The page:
“You got to take care of yourself. I’ve become real good friends with my garden hose and my treadmill.”
One of the songs you’ve revisited on this collection is “I’ll Wait for You,” that you wrote with the late, great Harley Allen. What do you remember about him and about writing that song?
I like to go where the co-writers are comfortable. I can sense from some of them that they think they have an environment to be more comfortable in. Harley wanted to write there so I went to his house. He had the germ of the idea. It was around Christmas time that we got together to write and I remember he had a Christmas tree up in his in his den. We wrote that first verse, “I’ll wait for you like I did last year, at Christmas time with your family here.” Harley was so good. I loved working with him. But, boy, I’ll tell you one thing: If he had made up his mind you were not about to change it. He had a line in there in the early part of the song where it said, “The snow out in Montana was pretty high, the lady at the counter said there ain’t no flights.” I said, “Harley, we shouldn’t say ‘ain’t.’ There ‘are’ no flights. I knew real quick that I wasn’t about to change his mind. So, it stayed right in there. [Laughs]
Do you stay in touch with people on Zoom?
I wrote a song with Brad Paisley on Zoom. He called me one day and said he had an idea. I obviously never tried to write that way, but it was really pretty unique. We both stayed fairly focused with it, we’re sitting there, we don’t have a lot of distractions. We actually wrote a pretty good song. That’s the only song I’ve written that way. But I’ve done some interviews, some radio, TV kinds of things. I did a two-hour disc jockey show for Sirius XM a couple of weeks ago from home. I’ve tried to stay in touch with… you don’t want to lose touch with everybody. But at the same time, you know, they say if you’re over 65, you better stay home. I passed that milestone a way back.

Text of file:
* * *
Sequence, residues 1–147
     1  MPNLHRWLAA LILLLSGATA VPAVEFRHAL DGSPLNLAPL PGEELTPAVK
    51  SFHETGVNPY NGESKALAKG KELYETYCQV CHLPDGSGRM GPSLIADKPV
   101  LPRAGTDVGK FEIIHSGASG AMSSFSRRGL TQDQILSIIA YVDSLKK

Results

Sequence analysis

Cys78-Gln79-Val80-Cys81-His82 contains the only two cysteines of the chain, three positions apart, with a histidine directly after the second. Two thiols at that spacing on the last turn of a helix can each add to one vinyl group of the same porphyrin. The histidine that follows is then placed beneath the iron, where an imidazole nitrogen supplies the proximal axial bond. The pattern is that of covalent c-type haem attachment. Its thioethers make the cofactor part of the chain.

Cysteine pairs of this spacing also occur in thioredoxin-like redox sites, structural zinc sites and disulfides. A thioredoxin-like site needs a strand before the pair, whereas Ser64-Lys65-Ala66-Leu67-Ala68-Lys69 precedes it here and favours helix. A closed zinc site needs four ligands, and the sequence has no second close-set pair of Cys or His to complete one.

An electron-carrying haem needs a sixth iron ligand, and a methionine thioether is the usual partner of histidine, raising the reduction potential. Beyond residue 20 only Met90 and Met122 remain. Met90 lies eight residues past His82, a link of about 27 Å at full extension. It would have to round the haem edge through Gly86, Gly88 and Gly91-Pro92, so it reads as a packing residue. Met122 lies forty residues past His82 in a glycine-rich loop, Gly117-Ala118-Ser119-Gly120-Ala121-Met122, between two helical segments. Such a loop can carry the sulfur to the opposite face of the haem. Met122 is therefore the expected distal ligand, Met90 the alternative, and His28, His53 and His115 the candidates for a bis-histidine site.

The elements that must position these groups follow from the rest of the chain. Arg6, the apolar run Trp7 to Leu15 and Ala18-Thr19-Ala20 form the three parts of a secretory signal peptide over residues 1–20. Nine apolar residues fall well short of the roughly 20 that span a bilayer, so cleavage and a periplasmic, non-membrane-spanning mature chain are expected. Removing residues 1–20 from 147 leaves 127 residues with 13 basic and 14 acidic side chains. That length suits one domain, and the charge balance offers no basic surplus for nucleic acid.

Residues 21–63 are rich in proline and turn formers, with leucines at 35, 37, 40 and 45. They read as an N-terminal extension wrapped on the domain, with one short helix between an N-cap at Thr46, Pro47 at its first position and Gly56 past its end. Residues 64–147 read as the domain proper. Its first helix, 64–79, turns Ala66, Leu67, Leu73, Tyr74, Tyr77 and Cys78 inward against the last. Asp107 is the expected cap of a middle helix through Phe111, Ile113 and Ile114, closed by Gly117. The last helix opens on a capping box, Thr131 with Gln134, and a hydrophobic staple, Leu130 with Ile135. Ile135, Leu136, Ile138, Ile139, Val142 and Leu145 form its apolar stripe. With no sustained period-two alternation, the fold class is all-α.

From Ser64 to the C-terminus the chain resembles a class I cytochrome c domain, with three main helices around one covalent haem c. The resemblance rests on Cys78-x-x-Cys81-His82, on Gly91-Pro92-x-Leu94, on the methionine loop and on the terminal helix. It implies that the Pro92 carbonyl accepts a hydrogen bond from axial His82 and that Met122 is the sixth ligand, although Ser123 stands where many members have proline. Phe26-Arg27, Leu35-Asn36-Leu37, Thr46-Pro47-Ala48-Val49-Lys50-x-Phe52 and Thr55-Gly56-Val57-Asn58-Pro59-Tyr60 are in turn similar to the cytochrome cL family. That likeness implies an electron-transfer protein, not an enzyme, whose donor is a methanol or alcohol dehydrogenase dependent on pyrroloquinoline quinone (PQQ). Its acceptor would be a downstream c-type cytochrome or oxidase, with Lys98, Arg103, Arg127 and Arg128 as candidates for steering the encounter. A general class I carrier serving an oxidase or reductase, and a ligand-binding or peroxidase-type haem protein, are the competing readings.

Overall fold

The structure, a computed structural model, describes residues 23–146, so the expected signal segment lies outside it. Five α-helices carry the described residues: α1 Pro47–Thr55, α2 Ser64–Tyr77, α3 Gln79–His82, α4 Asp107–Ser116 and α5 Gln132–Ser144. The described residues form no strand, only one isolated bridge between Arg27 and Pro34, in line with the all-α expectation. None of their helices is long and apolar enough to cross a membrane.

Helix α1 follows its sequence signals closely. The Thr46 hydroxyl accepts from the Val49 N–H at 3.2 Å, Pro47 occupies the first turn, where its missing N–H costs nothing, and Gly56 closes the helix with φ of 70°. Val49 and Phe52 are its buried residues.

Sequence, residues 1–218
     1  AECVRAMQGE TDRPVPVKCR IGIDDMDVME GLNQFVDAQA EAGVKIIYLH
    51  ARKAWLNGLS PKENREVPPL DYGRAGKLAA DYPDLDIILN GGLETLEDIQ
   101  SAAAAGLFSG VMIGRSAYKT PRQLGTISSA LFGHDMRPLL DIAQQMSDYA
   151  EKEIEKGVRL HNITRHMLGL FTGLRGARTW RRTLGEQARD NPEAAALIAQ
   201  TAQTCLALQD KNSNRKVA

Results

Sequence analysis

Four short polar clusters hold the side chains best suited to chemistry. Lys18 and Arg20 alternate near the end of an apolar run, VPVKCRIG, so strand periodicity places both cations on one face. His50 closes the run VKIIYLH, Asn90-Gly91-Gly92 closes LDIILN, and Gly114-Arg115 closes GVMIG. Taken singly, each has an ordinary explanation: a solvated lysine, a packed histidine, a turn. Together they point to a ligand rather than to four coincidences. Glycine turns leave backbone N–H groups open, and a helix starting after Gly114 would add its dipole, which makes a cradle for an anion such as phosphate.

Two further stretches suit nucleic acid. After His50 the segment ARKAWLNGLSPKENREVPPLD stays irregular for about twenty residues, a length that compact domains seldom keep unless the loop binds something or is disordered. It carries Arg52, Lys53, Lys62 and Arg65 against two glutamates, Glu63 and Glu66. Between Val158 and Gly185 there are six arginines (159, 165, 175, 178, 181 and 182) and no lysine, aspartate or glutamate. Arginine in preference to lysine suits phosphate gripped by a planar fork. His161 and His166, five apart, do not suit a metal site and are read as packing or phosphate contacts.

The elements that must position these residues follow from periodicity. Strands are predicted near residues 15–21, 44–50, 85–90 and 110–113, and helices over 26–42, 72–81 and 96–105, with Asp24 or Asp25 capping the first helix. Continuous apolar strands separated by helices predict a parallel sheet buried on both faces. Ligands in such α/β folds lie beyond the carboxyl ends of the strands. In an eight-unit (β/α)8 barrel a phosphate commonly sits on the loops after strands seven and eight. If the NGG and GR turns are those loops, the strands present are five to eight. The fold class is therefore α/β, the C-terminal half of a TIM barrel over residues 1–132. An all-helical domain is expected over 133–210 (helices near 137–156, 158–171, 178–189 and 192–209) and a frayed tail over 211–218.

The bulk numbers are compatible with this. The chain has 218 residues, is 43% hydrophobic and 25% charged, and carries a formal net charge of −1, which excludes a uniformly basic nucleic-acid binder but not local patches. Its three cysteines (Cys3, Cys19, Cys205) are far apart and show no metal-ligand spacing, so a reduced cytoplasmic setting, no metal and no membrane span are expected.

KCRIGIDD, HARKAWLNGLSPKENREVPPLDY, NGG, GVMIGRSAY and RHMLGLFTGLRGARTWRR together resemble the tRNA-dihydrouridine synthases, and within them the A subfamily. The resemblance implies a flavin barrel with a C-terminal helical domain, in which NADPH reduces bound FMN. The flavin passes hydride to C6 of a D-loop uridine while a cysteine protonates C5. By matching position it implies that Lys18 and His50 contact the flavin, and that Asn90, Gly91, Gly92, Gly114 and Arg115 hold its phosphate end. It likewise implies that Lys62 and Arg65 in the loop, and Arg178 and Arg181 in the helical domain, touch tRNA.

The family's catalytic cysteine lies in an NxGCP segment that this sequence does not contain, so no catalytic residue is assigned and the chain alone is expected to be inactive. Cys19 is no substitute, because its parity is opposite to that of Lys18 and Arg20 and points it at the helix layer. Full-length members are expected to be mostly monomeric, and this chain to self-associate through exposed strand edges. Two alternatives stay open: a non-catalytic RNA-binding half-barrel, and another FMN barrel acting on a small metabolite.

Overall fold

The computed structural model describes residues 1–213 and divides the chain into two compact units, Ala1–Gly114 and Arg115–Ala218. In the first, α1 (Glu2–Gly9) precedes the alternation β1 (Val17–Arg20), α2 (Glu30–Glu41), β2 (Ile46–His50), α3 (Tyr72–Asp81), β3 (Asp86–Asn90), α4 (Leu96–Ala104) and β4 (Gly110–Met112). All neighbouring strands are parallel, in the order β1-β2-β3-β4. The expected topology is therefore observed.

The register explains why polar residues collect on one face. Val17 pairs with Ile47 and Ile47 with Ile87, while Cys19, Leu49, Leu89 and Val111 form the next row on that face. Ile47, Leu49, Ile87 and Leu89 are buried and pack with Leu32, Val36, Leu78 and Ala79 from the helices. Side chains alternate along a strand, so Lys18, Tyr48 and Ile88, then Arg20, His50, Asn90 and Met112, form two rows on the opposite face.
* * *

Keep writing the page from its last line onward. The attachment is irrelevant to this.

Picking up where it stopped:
So many people act so irresponsibly. You can’t do it. You got to take care of yourself. I’ve become real good friends with my garden hose and my treadmill. I’ve got a little flower garden out back and I go water my flowers every day and I get on the treadmill and get some exercise.
Since the pandemic began, the reaction from the Grand Ole Opry has been so inspiring. As a longtime Opry member it must be really gratifying for you, even if you can’t all be there together with an audience.
It’s been very inspiring. I feel like the Opry’s in awfully good hands right now with [vice president and executive producer] Dan Rogers and [director of talent scheduling and logistics] Gina Keltner. They’ve done a brilliant job. I did the very first one of the shows with no audience on March 14th, and they were still kind of feeling their way along with it. My band was actually out there with me, and Connie Smith and Jeannie Seely were hosting segments, too. Although I told Seely, “You know, it’s not unusual for me to play to empty seats. I’ve been doing it for 50 years.” [Laughs] But, the Opry figured out a wonderful way to keep that remarkable string alive, 4,931 shows, I think it is. Another thing that’s been so good about it, well, it’s bad and it’s good — nobody’s on the road. So, a lot of the artists that are not available to do the Opry very often — Garth, Brad Paisley, Vince, Keith Urban — they’re in town and wanting to pick so they can go out and do the Opry and get that out of their system and still keep the Opry going.